Legislation is plentiful but likely futile


From banning abortion after 20 weeks of pregnancy to raising New Mexico’s minimum wage to $15 an hour, state lawmakers already have filed more than 100 pieces of legislation for their monthlong session set to begin in mid-January.

Most of those bills are not going anywhere.

Thirty-day legislative sessions are constitutionally limited to bills on the budget and taxes, as well as items placed on the agenda by Republican Gov. Susana Martinez and bills she has vetoed in previous years.

Martinez has indicated that public safety will be a priority, signaling she will accept legislation to repeal bail reform and tighten sentences for convicted criminals. Other issues, however, even those that legislative leaders or the governor consider important, might never get a hearing.

For example, Democrats have pushed to raise the state’s minimum wage – a rate that has remained at $7.50 an hour since 2009 – and passed two separate bills earlier this year to boost hourly pay for the state’s lowest-paid workers.

Martinez vetoed both measures.

Rep. Patricia Roybal Caballero, a Democrat from Albuquerque, has filed a measure for a $15-an-hour minimum wage, which would be adjusted annually based on the cost of living. The lawmaker has proposed similar measures before – the biggest increases in the minimum wage proposed by any legislator each year.

Some business groups, such as the Greater Albuquerque Chamber of Commerce, dropped their opposition to a more modest increase in the minimum wage earlier this year. Still, Democrats are less than optimistic about such a measure moving forward in 2018.

“We need an increase in the minimum wage,” said state House Speaker Brian Egolf, a Democrat from Santa Fe. “I would love for it to happen because there are folks who need it now.”

But, he added: “I believe we would have to have a message [of support] from the governor, which I don’t expect would happen, given that she vetoed our last two attempts to raise it.”

The upcoming session will be the last regular session for the Martinez administration. The governor leaves office at the end of the year. Raising the minimum wage seems to fall into a category of legislation that is only growing: bills that Democrats expect will simply not become law under Martinez.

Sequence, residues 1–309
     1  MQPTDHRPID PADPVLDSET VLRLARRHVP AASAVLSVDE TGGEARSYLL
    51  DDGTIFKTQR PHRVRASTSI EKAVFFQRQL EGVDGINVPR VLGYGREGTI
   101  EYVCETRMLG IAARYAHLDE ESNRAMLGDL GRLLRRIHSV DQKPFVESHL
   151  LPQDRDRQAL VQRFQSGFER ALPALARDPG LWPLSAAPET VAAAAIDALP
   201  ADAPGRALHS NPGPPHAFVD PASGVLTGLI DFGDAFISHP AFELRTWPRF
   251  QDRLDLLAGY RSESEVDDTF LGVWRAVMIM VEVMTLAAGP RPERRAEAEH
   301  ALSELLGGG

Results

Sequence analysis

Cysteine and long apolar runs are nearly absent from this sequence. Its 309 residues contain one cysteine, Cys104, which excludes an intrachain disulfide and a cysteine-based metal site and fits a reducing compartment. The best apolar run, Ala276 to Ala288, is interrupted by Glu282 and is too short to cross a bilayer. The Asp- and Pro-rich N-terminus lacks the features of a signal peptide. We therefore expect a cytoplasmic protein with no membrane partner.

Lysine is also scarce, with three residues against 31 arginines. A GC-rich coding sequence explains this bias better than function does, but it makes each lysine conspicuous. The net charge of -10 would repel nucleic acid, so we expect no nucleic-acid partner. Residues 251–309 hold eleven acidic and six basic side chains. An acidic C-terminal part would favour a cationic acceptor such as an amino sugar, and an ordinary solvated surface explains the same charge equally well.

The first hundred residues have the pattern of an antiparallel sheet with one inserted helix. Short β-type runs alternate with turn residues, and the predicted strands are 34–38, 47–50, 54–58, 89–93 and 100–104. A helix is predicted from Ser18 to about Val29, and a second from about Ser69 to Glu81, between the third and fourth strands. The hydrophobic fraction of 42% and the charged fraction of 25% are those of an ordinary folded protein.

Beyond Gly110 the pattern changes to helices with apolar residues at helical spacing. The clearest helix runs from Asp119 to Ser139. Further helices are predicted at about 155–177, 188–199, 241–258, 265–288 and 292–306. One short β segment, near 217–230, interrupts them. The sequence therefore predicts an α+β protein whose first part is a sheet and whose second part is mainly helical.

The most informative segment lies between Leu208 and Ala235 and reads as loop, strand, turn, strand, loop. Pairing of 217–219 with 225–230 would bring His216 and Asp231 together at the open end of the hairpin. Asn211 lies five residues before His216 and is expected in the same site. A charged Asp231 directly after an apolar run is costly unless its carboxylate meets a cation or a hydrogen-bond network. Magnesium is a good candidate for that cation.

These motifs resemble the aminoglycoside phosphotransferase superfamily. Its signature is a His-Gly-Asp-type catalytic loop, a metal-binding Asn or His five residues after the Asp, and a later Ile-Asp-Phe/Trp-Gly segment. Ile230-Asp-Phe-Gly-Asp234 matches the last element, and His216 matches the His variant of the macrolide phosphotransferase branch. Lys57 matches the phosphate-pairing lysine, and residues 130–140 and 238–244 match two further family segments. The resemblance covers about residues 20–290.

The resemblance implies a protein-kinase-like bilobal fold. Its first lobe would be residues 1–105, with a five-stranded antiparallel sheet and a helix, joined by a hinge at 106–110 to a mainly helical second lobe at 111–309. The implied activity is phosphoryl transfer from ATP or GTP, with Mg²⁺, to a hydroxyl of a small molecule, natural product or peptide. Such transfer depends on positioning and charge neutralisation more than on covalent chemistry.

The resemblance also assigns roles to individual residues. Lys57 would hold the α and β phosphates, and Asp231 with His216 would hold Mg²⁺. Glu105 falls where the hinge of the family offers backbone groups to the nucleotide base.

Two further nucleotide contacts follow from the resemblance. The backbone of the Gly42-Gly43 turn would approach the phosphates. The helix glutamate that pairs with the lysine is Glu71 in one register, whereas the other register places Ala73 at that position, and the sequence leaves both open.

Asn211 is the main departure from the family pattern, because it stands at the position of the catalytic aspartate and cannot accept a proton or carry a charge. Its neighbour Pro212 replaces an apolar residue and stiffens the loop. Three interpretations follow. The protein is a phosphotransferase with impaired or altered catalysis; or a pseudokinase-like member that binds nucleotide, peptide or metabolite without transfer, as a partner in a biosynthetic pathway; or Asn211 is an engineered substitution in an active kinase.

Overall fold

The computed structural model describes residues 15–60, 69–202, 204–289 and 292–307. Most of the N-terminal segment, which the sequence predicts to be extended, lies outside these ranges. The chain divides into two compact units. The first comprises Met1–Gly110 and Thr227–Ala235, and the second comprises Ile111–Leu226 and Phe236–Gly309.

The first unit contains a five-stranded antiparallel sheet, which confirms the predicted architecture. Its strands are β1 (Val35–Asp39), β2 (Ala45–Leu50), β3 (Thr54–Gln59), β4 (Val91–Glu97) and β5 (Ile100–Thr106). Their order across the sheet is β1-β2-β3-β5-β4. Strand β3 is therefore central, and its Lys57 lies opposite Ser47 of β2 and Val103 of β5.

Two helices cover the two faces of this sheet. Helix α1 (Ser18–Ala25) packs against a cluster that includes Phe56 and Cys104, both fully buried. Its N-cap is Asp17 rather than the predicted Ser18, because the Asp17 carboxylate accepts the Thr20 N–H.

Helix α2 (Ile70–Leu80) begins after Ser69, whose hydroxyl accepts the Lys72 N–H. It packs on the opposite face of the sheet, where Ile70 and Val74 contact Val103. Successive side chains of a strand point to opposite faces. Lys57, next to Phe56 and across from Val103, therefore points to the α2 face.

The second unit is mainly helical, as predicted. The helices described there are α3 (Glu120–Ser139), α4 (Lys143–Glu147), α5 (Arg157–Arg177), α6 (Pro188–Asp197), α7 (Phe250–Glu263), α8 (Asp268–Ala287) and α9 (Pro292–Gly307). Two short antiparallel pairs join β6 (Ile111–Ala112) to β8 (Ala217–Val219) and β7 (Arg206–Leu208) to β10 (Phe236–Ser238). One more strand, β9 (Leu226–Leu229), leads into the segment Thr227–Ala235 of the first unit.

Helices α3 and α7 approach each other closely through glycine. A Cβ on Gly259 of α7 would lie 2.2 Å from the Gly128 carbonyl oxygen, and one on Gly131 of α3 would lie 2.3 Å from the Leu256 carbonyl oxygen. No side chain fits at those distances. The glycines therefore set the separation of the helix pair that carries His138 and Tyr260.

There are plenty of other reasons why some of the 100 or so measures filed by lawmakers so far may not make it to the governor’s pen during the 2018 session.

Egolf said legislators are expecting a flat budget. That could offer a reprieve from the sort of budget cuts exacted in recent years. But it also means that extra spending will be limited and signals dim chances for launching any big new programs or initiatives.

And then there are issues that cannot muster the consensus needed to pass through a divided government.

The 2018 session will be Rep. Yvette Herrell’s third session sponsoring legislation to ban abortion after 20 weeks of pregnancy – what are often called “late-term” abortions.

A similar measure passed the House in 2015 after Republicans won a majority in the chamber for the first time in decades. Some Democrats helped pass the bill, too, by a vote of 42-26. It went on to die in the Senate.

This does not mean the bill is likely to roar back in 2018.

Democratic leaders, back in control of the House after the 2016 election, have proven keen to quash it as fast as possible.

Herrell, who is sponsoring the bill with a group of Republican lawmakers, is not sure if the governor will add the issue to the agenda.

Even so, she said: “It’s important to continue to introduce this legislation, so people are aware and educated on what the late-term abortion is.”

Meanwhile, even abortion bills the Democrats might support are unlikely to go far. For example, Rep. Joanne Ferrary and Sen. William Soules, Democrats from Las Cruces, have introduced a bill to decriminalize abortion. While the procedure is legal under the U.S. Supreme Court’s ruling in Roe v. Wade, New Mexico’s statutes still include a ban on abortion that predates the 1973 decision.

Here are how other hot-button pieces of legislation might fare after lawmakers are gaveled into session Jan. 16:


Martinez wrote on her Facebook page in October that she will call on legislators to repeal and replace a bail reform amendment overwhelmingly approved by voters in 2016. She has argued the amendment created a “catch-and-release” system that too easily allows suspects to get back out onto the streets after arrest.

But even Republicans have argued there may be other solutions besides another constitutional amendment.